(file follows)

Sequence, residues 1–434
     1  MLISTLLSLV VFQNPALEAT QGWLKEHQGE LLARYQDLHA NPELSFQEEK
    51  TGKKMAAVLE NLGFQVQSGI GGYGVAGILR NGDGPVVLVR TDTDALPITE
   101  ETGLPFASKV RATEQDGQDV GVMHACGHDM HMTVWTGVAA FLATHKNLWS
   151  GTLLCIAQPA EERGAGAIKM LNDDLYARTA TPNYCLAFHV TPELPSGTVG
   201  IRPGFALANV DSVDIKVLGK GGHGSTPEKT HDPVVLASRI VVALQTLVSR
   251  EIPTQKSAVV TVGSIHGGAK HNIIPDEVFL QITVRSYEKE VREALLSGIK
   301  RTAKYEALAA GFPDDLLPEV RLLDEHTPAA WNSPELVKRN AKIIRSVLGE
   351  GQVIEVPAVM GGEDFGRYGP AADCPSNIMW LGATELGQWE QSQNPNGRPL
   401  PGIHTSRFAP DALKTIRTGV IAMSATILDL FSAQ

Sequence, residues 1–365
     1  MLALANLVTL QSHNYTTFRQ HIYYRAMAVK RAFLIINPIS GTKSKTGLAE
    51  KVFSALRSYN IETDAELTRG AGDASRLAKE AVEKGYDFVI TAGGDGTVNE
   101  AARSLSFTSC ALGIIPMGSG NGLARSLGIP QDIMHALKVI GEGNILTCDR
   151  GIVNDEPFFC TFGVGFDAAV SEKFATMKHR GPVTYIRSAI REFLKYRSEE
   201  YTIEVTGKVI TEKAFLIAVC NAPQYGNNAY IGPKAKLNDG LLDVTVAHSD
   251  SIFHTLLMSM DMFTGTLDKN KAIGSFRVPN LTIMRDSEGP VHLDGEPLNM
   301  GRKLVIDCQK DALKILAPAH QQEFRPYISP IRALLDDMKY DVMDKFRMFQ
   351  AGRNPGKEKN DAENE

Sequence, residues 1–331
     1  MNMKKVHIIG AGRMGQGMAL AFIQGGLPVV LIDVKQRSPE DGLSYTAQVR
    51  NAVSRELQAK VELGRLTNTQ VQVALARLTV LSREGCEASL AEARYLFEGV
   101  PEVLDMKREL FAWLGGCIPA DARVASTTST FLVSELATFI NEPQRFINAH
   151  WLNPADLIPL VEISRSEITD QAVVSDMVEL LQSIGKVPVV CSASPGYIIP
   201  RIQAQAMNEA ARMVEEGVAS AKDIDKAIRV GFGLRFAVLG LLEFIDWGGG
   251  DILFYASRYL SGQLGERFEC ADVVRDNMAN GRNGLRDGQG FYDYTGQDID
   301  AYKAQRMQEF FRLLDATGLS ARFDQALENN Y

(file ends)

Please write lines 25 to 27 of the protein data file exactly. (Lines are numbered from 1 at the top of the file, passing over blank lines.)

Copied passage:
   201  RIQAQAMNEA ARMVEEGVAS AKDIDKAIRV GFGLRFAVLG LLEFIDWGGG
   251  DILFYASRYL SGQLGERFEC ADVVRDNMAN GRNGLRDGQG FYDYTGQDID
   301  AYKAQRMQEF FRLLDATGLS ARFDQALENN Y